Also, a lower supporting electrolyte concentration (e.g., sulfuric acid concentration in copper plating) often permits the use of a higher metal ion (e.g., copper sulfate) concentration due to elimination of the common ion effect as explained above. Furthermore, in systems where a soluble copper anode is used, a lower added acid concentration (or preferably no acid added at all) minimizes harmful corrosion and material stability problems. Additionally, a pure or relatively pure copper anode can be used in this arrangement. Because some copper dissolution typically occurs in an acidic environment in the presence of dissolved oxygen, copper anodes that are being used in conventional copper plating typically contain phosphorous. The phosphorous forms a film on the anode that protects it from excessive dissolution, but phosphorous traces will be found in the plating solution and also may be incorporated as a contaminant in the deposit. In applications using plating solutions with no acidic supporting electrolytes as described herein, the phosphorous content in the anode may, if needed, be reduced or eliminated. Also, for environmental considerations and ease of handling the solution, a non acidic or low acid electrolyte is preferred.

Another method for enhancing thickness uniformity includes applying a periodic current reversal. For this reversal process, it may be advantageous to have a more resistive solution (i.e., no supporting electrolyte) since this serves to focus the dissolution current at the extended features that one would want to preferentially dissolve.

In some specific applications, it may be beneficial to introduce small amounts of acid, base or salts into the plating solution. Examples of such benefits may be some specific adsorption of ions that may improve specific deposits, complexation, pH adjustment, solubility enhancement or reduction and the like. Also, addition of a small amount of acid (e.g. sulfuric acid) will prevent the formation of copper oxides on the surfaces. The invention also contemplates the addition of such acids, bases or salts into the electrolyte in amounts up to about 0.4 M.

A plating solution having a high copper concentration (i.e., >0.4M) is beneficial to overcome mass transport limitations that are encountered when plating small features. In particular, because micron scale features with high aspect ratios typically allow only minimal or no electrolyte flow therein, the ionic transport relies solely on diffusion to deposit metal into these small features. A high copper concentration, preferably about 0.8 molar (M) or greater, in the electrolyte enhances the diffusion process and reduces or eliminates the mass transport limitations. The metal concentration required for the plating process depends on factors such as temperature and the acid concentration of the electrolyte.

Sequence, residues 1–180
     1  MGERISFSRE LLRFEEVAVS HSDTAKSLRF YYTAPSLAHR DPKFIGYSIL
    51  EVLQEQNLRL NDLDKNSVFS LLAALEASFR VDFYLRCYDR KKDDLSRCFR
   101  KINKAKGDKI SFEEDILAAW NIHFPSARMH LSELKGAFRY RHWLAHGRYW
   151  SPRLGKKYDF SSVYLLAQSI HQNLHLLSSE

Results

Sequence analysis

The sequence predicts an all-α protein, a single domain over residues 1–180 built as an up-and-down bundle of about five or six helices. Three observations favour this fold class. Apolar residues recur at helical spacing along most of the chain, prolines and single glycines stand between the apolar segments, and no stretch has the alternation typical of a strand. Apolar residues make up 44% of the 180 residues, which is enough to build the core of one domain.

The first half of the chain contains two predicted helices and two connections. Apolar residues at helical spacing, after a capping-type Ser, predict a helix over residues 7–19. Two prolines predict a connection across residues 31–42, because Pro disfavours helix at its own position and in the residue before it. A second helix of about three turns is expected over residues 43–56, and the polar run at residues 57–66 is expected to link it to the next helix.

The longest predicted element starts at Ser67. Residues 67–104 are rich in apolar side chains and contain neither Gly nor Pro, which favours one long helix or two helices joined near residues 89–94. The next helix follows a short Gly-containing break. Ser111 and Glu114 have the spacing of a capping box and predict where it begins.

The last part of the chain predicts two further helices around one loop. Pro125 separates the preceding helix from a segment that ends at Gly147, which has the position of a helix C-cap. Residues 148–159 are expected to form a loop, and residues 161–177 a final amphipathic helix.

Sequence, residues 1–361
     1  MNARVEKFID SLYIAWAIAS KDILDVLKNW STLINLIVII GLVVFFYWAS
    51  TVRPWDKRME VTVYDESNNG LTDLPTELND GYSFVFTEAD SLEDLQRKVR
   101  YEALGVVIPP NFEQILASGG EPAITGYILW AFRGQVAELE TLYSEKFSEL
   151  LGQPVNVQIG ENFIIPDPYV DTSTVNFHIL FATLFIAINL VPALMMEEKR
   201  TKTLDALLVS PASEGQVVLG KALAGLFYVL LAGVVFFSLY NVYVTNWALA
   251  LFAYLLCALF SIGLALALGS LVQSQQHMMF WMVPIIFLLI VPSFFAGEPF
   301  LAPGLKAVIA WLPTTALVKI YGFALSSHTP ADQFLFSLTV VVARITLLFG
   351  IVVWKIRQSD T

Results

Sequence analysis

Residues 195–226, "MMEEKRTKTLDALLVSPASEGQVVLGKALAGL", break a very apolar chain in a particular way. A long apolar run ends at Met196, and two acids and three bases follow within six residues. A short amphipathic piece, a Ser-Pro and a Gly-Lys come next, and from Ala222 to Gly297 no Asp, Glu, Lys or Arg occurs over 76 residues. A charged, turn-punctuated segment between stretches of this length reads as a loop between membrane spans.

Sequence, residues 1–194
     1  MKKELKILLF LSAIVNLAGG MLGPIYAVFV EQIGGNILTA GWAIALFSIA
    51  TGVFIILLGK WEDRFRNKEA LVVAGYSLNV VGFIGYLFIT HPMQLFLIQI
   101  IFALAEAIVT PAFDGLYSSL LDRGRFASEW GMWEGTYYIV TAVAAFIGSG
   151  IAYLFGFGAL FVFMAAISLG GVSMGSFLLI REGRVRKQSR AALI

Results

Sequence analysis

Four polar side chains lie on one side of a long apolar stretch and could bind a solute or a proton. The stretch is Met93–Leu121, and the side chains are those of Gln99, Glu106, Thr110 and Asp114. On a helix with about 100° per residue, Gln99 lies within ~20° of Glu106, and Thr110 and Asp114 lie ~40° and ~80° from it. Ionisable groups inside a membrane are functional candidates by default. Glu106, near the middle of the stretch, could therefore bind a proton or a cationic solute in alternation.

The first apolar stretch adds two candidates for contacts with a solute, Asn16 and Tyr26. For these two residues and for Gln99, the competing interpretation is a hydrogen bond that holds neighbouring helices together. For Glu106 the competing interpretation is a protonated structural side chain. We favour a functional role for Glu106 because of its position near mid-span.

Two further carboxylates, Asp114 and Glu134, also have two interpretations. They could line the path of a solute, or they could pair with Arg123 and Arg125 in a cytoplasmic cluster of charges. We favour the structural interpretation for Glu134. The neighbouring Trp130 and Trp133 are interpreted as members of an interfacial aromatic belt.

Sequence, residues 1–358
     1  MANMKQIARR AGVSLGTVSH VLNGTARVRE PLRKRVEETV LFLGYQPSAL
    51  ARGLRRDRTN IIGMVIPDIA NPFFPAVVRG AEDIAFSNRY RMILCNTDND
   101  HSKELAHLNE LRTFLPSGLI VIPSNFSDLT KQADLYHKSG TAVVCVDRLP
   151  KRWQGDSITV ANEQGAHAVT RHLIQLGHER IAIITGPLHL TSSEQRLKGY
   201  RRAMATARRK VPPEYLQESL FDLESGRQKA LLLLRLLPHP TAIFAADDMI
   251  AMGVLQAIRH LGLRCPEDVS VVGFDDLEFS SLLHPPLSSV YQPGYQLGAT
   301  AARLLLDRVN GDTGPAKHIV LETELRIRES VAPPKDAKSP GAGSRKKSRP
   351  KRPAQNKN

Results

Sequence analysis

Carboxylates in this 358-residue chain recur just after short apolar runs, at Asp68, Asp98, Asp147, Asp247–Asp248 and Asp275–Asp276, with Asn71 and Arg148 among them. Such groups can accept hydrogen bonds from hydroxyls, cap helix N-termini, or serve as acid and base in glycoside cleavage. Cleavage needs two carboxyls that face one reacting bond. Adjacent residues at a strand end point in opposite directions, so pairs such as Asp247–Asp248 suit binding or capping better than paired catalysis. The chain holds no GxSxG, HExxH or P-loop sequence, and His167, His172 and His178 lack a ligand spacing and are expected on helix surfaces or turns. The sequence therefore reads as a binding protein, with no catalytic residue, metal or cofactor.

The plating solutions of the present invention are typically used at current densities ranging from about 10 mA/cm2 to about 80 mA/cm2. Current densities as high as 100 mA/cm2 and as low as 5 mA/cm2 can also be employed under appropriate conditions. In plating conditions where a pulsed current or periodic reverse current is used, current densities in the range of about 5 mA/cm2 to about 400 mA/cm2 can be used periodically.

The operating temperatures of the plating solutions may range from about 0° C. to about 95° C. Preferably, the solutions range in temperature from about 15° C. to about 60° C.

The copper plating solutions of the invention preferably contain chloride ions, typically in amounts from about 30 ppm to about 120 ppm, most preferably from about 40 ppm to about 80 ppm. However, this invention also contemplates the use of copper plating solutions without chloride or other halide ions.

The copper plating solutions of the invention are suppressed by the polyalkylene glycol “carriers”. An example of a preferred carrier that is commercially available is UCON Lubricant 75-H-1400 polyalkylene glycol available from Union Carbide Corp. of Danbury, Conn. This carrier has a general formula of:

H(OCH2CH2)x(OCH2CH(CH3))yOH

wherein x and y provide an approximate weight average molecular weight of 2500. The specific gravity is 1.095 at 20° C.

Copper plating solutions containing polyalkylene glycols are accelerated by organic divalent sulfur compounds having the structure R1—(S)n—R2, wherein R1 and R2 are the same or different organic groups, and n is the number of sulfur atoms between 1 and 6. Preferably R1and R2 are the same or different alkyl groups having from 1 to 8 carbon atoms, and are terminated with an acid or a salt, such as a sulfonic acid or a sulfonate. Commercially available organic divalent sulfur compounds include ‘SPS’ which is the disodium salt of 3,3-dithiobis-1-propanesulfonic acid, available from Raschig Corp. of Richmond, Va. The commercial disodium salt comprises at least 80% of the SPS, and the remaining components include monosodium salts of 3-mercapto-1-propanesolfonic acid or 3-hydroxy-1-propanesulfonic acid. The commercial SPS may also contain the disodium salt of 3,3-thiobis-1-propanesulfonic acid.